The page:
Russland og arbeidet med kjernefysisk ikke-spredning - en kartleggingsstudie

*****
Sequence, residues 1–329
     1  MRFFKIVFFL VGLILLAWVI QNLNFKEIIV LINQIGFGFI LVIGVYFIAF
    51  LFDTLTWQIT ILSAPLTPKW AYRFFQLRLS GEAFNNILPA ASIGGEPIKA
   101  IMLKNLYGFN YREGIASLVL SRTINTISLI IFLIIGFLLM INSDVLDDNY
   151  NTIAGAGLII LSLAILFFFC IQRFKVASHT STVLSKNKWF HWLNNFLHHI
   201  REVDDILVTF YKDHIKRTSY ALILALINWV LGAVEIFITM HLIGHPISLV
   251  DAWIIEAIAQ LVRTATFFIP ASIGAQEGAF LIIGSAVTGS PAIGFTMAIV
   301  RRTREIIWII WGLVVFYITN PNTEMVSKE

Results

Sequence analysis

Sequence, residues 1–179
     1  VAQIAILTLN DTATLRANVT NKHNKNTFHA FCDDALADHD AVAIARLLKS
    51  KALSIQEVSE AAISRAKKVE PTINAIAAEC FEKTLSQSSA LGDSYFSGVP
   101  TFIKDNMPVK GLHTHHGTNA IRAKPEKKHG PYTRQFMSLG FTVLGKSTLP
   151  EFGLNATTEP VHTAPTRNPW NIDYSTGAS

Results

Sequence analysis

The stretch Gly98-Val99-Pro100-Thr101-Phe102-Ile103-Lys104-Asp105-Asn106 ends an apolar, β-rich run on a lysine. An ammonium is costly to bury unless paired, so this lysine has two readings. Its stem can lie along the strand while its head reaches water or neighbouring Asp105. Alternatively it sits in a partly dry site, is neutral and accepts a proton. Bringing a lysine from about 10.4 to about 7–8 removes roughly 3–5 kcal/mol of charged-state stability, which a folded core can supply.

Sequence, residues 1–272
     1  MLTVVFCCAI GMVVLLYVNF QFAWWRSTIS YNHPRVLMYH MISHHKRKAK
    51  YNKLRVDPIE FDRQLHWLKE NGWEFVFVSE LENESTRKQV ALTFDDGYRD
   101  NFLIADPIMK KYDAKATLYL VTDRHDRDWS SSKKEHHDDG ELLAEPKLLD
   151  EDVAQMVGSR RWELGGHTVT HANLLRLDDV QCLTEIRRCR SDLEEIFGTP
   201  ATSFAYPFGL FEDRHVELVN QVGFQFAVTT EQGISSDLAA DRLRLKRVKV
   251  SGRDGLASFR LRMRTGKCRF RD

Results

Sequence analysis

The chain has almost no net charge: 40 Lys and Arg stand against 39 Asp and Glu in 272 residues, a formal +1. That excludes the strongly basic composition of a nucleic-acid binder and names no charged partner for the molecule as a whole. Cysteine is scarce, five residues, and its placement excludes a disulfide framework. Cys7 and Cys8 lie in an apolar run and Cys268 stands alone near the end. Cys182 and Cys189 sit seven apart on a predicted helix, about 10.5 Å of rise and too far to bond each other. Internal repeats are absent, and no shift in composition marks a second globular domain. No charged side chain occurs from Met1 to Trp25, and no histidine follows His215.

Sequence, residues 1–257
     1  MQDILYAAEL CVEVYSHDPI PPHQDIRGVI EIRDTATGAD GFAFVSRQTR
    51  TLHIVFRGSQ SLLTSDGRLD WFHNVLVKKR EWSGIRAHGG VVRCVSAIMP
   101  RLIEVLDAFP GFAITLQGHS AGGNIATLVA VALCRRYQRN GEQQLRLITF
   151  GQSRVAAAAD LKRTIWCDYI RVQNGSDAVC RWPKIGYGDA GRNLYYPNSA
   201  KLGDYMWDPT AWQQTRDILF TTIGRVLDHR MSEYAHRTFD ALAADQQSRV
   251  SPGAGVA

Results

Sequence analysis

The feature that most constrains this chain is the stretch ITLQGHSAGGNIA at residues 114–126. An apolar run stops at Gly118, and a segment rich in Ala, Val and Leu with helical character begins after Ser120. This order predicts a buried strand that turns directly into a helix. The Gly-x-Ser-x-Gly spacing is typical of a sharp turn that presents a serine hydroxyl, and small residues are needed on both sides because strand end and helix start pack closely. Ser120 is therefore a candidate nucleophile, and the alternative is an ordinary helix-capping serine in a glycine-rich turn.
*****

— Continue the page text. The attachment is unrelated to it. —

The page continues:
This study assesses Russia’s role and policy with regard to nuclear non-proliferation. It gives an overview of Russia’s nuclear sector and nuclear weapons, and discusses how Moscow goes about to prevent the outflow of nuclear materials, technology and expertise to new states and non-state actors. It also discusses questions concerning Russia’s compliance with its legal and political commitments and its contributions to develop the international non-proliferation regime(s). The study finds that the image of Russia as a (real and potential) nuclear proliferator is often exaggerated and in many cases cannot be by substantiated with empirical evidence. Developments both within Russia and in Russia’s policy on nuclear export have contributed to this. One finding is that although many objects in Russia where nuclear weapons and materials are being stored have yet to undergo security upgrades, the number of illicit trafficking incidents (thefts a.o.) of nuclear materials in the upper spectrum of risk materials (HEU and plutonium) is low and generally involves only small quantities of fissile materials. There have been no confirmed cases in this category in recent years. With regard to Russia and Iran, the study detects a certain shift in Russia’s policy from 2002-03 and concludes that the risk that Russia will contribute (willingly or unwillingly) to an Iranian nuclear weapons program has been reduced as a result of this shift. Yet Russia has both (geo)political and economic interests in Iran and aims at new contracts in Iran’s emerging civilian nuclear sector. Underlying Russia’s policy towards Iran is also a strong concern that Washington’s tough line is motivated by goals that are not related to non-proliferation and which are in direct conflict with Russia’s own interests.